How Are Servo Motors Controlled?

To set up a servo motor or multiple motors in any application, it is important to understand how this operation works. To have a successful setup, three main items are mandatory. While further research will be needed to match the correct drives, controllers, and motors, here is how they operate:

  • Servo Motor Controllers: These are the brains of the entire setup. The controller’s job is to close the loop on the system by reading the encoder signal to calculate a path of trajectory. The controller then sends this low-power signal to the drive.
  • Servo Motor Drive / Power Amplifier: The servo drive will take the command signal for position, torque, and velocity from its controller to amplify the low power signal to then feed that power, typically in amps, to the motor to make it rotate. The motor then communicates with the drive through a feedback signal and the drive will then adjust the frequency of the voltage to match the signal from the control panel.
  • The Motor: It is important to pair a motor to a drive that matches its power type. AC motors are generally paired with variable frequency drives while DC motors require a drive specifically for DC power or a DC power source. As stated before, research is needed to pair your motor with the most effective drive and controller setup.

Do Servo Motors Require Maintenance?

Like everything with moving parts, servo motors do require maintenance. A faulty motor can lead to unexpected downtime in an industrial setting while it is getting replaced when it could have been prevented with regularly scheduled maintenance. Not only will it cost money to replace that motor, but it will also render the part it is attached to inoperable, which also costs money due to downtime.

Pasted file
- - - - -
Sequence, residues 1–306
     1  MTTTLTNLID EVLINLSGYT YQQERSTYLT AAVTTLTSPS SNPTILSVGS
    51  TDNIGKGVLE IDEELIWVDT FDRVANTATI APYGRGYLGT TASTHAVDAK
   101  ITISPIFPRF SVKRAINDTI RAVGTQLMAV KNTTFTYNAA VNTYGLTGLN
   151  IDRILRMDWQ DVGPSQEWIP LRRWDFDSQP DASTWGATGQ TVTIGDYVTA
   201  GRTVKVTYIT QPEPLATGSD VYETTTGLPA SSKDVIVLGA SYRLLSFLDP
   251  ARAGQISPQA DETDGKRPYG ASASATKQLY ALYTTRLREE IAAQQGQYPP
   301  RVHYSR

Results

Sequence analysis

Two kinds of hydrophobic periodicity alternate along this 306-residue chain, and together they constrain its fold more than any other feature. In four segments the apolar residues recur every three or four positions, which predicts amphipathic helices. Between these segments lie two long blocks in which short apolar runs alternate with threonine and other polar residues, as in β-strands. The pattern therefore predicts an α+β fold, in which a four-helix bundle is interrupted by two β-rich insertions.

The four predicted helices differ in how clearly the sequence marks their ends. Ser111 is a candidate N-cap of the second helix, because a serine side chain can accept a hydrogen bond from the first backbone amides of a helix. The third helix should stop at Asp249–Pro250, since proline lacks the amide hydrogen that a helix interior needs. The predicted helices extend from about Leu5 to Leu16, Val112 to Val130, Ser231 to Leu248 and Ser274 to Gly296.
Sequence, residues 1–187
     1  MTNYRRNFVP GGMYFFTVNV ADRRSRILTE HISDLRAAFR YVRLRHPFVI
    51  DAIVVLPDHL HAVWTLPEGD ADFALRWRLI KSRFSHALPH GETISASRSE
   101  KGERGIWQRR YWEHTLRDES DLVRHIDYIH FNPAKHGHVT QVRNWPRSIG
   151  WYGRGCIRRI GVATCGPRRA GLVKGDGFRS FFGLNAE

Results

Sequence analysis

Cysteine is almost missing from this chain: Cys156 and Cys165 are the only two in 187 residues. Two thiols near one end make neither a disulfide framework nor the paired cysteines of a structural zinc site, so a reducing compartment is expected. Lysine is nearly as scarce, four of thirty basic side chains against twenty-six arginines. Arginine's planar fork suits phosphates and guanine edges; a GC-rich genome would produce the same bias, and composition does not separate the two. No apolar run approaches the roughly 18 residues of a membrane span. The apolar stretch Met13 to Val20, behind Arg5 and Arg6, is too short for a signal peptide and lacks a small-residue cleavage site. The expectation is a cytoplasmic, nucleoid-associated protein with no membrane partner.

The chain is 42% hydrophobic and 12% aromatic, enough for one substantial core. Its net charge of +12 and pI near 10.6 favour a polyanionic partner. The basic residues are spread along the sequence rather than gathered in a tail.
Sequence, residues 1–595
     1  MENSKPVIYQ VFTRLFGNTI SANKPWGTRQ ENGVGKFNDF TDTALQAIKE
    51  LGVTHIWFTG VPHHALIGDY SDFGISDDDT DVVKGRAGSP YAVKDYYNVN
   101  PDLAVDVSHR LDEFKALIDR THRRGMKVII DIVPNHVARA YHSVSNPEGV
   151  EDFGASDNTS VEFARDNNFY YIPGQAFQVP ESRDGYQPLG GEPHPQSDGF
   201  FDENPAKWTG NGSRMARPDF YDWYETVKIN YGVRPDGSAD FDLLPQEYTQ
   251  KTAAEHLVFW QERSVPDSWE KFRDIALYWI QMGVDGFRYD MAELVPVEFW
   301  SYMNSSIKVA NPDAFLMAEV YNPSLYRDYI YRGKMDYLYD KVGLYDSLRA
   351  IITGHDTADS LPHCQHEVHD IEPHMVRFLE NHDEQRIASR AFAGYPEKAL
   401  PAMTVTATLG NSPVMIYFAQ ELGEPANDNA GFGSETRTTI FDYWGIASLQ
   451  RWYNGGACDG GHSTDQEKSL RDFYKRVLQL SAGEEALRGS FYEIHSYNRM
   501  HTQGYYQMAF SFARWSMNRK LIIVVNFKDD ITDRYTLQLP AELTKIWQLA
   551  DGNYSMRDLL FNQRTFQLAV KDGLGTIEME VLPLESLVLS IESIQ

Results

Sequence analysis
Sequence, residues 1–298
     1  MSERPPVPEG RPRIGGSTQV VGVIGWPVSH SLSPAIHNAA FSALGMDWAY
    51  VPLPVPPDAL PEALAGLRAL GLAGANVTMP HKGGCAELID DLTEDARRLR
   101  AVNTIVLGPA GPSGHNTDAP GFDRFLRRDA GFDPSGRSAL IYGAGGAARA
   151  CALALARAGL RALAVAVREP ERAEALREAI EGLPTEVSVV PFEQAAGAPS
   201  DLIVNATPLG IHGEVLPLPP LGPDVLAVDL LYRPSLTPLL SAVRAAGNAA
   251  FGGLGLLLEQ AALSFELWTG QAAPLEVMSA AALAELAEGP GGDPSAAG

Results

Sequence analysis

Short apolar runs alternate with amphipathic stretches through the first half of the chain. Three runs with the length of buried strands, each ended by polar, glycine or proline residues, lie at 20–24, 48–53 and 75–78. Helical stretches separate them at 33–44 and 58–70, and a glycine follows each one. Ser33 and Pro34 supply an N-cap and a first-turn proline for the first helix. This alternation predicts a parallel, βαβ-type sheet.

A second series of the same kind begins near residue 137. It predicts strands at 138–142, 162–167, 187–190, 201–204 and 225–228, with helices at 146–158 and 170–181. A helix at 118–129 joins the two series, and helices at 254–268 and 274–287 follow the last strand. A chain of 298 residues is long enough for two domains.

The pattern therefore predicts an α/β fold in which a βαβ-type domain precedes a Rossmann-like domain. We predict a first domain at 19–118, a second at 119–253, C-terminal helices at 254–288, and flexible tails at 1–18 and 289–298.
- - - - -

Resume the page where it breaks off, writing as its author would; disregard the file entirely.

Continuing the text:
Thankfully, preventative maintenance isn’t difficult with intermediate mechanical knowledge. This requires separating the motor’s face plate from its main body to reach the internals. This allows the technician to perform a wear check on the internal parts, such as bearings, seals, and the brake. Bearings are one of the parts that require extra maintenance as they are worn quite often, leading to servo breakdowns with high repair costs. Seals prevent unwanted dust, water, oil, and debris from working their way into the motor to cause internal damage. The breaks on the motor can fail if oil is present on its mechanical parts. Lack of maintenance can also cause the brake to block and produce metallic dust in its system.

How Are Servo Motors Used?

Servo motors play a role in a variety of applications. Due to their precision and reliability, they can tackle tasks that demand repetitive yet precise movements. Some real-world applications are as follows:

  • CNC and Woodworking: CNC machines use software to mill or drill very precise holes and valleys in the wood or metal. Servo motors are also present in lathes and augers.
  • Textile: Servo motors are responsible for the fast movements of the looms and weaving machines that produce the clothes we wear or the carpet we step on.
  • Robotics: Every joint of an automated robotic utilizes a servo motor for precision control. These are prevalent in car manufacturing plants, recycling plants, and many more.
  • Automatic Door Openers: Most modern hospitals and stores use automatic sliding doors. Those are also controlled by servo motors to make sure they open and close at a set distance, speed, and torque.
  • Conveyor Belts: Within package sorting plants and warehouses, conveyor belts use servo motors to start, halt, and move products along at a set pace.

Conclusion

Servo motors provide an efficient and reliable way to control our modern industrial plants. These motors save an exponential amount of manpower and have significantly improved production and economical growth. While understanding how these motors function may seem like a daunting task to some people, this guide has been written to help everyone understand just how simple these machines truly are and how they can impact the daily lives of everyone around them.

This entry was posted on January 23rd, 2023 and is filed under Uncategorized. Both comments and pings are currently closed.